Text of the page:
One of the discoveries we made through interrogating the archive collection, was that the Coca-Cola history somehow reflected that of America itself. In 130 years we saw the progression from Victoriana, with its decorative swirls and local engraving-based expertise, to a kind of Modernist Americana, one of frontier-base speed seen in automobile and diner culture. In the middle period we observed an clear influence of construction and industry, somehow mixed with vernacular flair and quirk.

We made careful selections to ensure that the font was not overwhelmed with personality, but that just enough was embedded in order for it to be clearly ‘Coca-Cola’. The font itself is fairly wide, and has a large x-height. Open arcs and rounded counters deliberately bring air into the font, with flourishes and curves bringing a sense of humanism and accessibility.

People use the term “story” or “narrative” to describe corporate branding models. How does this typeface reflect or support Coke’s narrative?
The current trend of a brand being seen increasingly as a storyteller has from day one been a principle at the heart of the Coca-Cola narrative, to such a degree that it is now part of our mass unconsciousness. Globally, we recognize this brand and its attributes more than any other, and have deep cultural links with its perceived nature and story, from the iconic bottle shape and script to a red Father Christmas.

The most important thing today for a brand is not the content that it talks about, but how it talks about it. The typeface becomes a critical part of that voice and DNA, with consistency, authenticity and believability becoming paramount requirements.

You’ve come a long way from The Face to Coke. Are there fundamental or nuanced distinctions in the way you designed type then and now?
To be honest, I’ve always produced commercially-focused work alongside the more experimental work. This project interestingly straddled both of those in some way, in that the challenge here was to understand just how far we could build personality and human quirk into a highly functional font design, a mechanism with surprise. Of course, my understanding of typography and type design has evolved since that early period, but at the heart of my approach has always been the idea that typography is part of cultural image making, and that every font carries information in a way that is emotionally coloured or influenced by its form. The receipt of all information is informed and influenced by the way in which we distribute and deliver it.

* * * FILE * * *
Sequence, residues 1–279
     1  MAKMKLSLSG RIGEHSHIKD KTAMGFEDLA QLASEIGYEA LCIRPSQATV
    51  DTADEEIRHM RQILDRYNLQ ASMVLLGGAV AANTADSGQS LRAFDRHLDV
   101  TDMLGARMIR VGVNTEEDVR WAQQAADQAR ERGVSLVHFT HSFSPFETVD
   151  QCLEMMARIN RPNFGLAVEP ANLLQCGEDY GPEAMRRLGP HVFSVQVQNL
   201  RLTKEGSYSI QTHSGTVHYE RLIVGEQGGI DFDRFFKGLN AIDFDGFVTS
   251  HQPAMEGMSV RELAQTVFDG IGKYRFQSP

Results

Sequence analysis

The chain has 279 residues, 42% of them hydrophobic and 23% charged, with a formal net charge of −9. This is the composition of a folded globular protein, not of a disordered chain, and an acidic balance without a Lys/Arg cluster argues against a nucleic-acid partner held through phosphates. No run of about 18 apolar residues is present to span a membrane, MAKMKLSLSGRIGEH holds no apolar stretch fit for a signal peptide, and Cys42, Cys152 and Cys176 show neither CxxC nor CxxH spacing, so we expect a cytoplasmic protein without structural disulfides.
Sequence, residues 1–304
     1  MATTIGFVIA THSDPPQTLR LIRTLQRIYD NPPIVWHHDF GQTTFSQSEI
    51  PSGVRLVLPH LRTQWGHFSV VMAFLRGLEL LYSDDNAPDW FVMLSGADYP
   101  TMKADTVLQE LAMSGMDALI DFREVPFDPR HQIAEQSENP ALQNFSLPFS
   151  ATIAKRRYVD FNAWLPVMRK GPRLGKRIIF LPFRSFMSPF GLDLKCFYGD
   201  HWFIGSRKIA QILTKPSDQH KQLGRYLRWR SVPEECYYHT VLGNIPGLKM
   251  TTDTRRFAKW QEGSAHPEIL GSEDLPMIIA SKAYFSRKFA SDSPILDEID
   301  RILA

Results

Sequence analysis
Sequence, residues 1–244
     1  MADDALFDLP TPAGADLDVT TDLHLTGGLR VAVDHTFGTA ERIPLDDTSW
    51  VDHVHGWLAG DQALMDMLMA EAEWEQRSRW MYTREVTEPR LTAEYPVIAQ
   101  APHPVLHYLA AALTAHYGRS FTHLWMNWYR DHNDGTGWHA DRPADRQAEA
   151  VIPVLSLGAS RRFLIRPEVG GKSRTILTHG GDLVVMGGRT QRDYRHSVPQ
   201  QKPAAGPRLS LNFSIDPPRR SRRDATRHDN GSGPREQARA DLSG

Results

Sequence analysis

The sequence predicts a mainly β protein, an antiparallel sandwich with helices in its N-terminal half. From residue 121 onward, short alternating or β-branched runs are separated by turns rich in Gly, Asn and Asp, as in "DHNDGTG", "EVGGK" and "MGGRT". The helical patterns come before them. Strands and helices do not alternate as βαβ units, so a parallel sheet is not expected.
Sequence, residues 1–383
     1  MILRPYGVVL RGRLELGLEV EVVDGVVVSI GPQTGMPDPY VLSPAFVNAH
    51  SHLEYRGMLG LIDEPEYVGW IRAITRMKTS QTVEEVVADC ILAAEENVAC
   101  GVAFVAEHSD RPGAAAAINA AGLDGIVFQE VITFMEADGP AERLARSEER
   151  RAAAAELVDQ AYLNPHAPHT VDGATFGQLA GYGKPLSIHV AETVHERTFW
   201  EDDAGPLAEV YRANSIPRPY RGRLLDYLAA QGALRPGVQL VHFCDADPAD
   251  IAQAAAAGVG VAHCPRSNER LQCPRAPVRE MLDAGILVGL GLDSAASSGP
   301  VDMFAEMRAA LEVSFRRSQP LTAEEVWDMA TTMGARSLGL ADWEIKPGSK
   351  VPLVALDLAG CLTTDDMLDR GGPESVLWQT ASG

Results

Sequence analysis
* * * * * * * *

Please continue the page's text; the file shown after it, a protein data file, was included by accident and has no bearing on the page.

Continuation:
How did this commission come to you? And what of the final makes it a Brody production?
I was asked by James Sommerville to be part of an internal design conference day put on for the design team at Coca-Cola in early 2016. The great consequence of this was that James understood more about our work in the area of type design, something we usually keep under the bonnet. James had been thinking about the need for Coca-Cola to develop its own typeface, and we began a conversation. The beauty is that the teams at Brody Associates and Coca-Cola are small, agile and highly efficient, meaning that we were able to work together extremely well and make decisions quickly.

I would say it is strongly a Brody production, in that it also shares many typographic details and qualities that I have always loved. I have always veered towards early Gothic and constructed typefaces: Venus, Trade etc., and it was a thrill to be able to develop this design for such a company on such a global scale.

Are you pleased?
I am. I think it solves the challenges that were set for it, and gives The Coca-Cola Company a typographic language and system that will carry it forward for years to come. It was a difficult challenge, but I believe it is robust and accessible and captures the Coca-Cola personality, and yes, I’m proud of the outcome. To be honest, having the chance to design the first global typeface for Coca-Cola is pretty amazing.